Seeds for arts center prepare to sprout


The Mirror

About 30 arts enthusiasts met April 19 to discuss the establishment of a performing arts center in Federal Way.

The idea is not a new one to the city.

An interest in such a facility has been present for nearly 16 years, when the Federal Way Arts Commission sponsored a feasibility study, said Jeanne Burbidge, a city council member and former arts commission member. However, the project was part of a larger endeavor at the time and nobody made an effort to build a performing arts center, she said.

That has now changed.

Federal Way features several successful performing arts groups such as the Federal Way Symphony, Centerstage Theater Arts Conservatory and Showstoppers Dance Group. The city also boasts several schools that practice and teach the arts, but has no large space versatile enough for performances. The Knutzen Family Theatre is the largest performance space in Federal Way and seats 234 people.

Looking at other communities

The meeting on April 19 was the second of its kind focused on establishing a performing arts center.

City Manager Neal Beets and Joann Piquette, an art enthusiast and former Federal Way Arts Commission member, arranged the meeting. However, the group vying for the performing arts center is independent from the city.

Pam Smith, director of the Auburn Performing Arts Center, and Charmaine Baker, former leader of Renton High School and Civic Theater Fundraising Organization, spoke of their experiences in designing and running performing arts centers in their communities.

The women advised the audience to consider how a center in Federal Way would be funded and who would use the facility. Both women told the audience not to expect a performing arts center to make a profit from its operations.

“It’s not going to make money for you. Be prepared for that,” Baker said.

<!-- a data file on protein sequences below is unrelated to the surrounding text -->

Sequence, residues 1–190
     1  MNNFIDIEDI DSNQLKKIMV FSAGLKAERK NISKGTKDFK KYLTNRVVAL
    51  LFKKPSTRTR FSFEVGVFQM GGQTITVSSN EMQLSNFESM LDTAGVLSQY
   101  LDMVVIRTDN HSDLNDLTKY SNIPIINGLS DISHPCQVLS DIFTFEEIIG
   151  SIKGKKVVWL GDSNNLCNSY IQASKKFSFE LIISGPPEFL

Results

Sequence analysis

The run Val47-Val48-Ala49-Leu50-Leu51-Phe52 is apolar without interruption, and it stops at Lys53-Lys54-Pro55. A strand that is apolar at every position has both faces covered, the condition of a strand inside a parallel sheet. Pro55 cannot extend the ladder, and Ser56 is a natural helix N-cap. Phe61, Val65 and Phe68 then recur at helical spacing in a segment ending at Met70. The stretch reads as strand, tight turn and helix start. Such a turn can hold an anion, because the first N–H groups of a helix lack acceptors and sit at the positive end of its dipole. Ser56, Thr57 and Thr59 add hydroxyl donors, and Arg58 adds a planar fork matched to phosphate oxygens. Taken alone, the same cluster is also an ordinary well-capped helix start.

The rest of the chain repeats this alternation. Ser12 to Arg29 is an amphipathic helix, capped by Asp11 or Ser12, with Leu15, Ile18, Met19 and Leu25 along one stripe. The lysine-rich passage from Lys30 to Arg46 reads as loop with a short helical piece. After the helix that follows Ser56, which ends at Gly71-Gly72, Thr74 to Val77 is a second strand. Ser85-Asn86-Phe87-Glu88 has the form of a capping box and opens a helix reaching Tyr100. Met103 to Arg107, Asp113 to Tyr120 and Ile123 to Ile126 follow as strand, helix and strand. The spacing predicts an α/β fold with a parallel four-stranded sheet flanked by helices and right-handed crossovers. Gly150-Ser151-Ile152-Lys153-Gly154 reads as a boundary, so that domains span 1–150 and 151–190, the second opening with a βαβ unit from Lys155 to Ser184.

A performing arts center does not and will never sustain itself on its own earned revenue, Smith said. The women advised considering a partnership with the Federal Way School District.

If such an agreement is established, it could be similar to the arrangements the performing arts centers in Auburn and Renton have with their respective school districts, Piquette said.

The school districts pay for the majority of the centers’ operating costs in return for priority use of the facilities. Students use the centers during daytime hours. Nighttime and weekend hours are left open for public booking.

The Renton IKEA Performing Arts Center hosts more than 300 performances annually, but it would not make enough revenue from outside bookings alone to operate without the school district, Baker said.

Baker and Smith advised the audience to consider how best to accommodate local arts groups.

For example, a large stage would be needed for orchestra performances. A spring-loaded floor would be needed if the center were to be used for dance-related functions.

“I want to see a facility that isn’t going to be standing empty, ever,” Piquette said.

Possible locations for a performing arts center include Celebration Park as well as downtown areas such as the AMC Theater site on 20th Avenue South and a site near 28th Avenue South and Truman High School, among others, Beets said.

Collaborating with the school district in funding and designing a center would be ideal, but not absolutely necessary to successfully build a performing arts center, Burbidge said.

The feasibility study determined that a 1,000-foot theater with a smaller theater for live drama as well as space for parking would require at least 4 to 5 acres, she said.

The site near Truman High School is between 4 and 5 acres, and the Federal Way School District has demonstrated an interest in donating the land for a performing arts center, Burbidge said.

Details of a collaboration with the school district have not been fully discussed. District officials will be invited to future meetings.

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